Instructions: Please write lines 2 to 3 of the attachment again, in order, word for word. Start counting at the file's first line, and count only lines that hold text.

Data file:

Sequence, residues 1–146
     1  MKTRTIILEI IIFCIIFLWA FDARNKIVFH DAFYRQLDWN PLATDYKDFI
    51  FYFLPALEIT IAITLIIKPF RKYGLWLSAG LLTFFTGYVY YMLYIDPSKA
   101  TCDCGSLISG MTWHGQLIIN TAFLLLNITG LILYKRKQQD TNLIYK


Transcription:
     1  MKTRTIILEI IIFCIIFLWA FDARNKIVFH DAFYRQLDWN PLATDYKDFI
    51  FYFLPALEIT IAITLIIKPF RKYGLWLSAG LLTFFTGYVY YMLYIDPSKA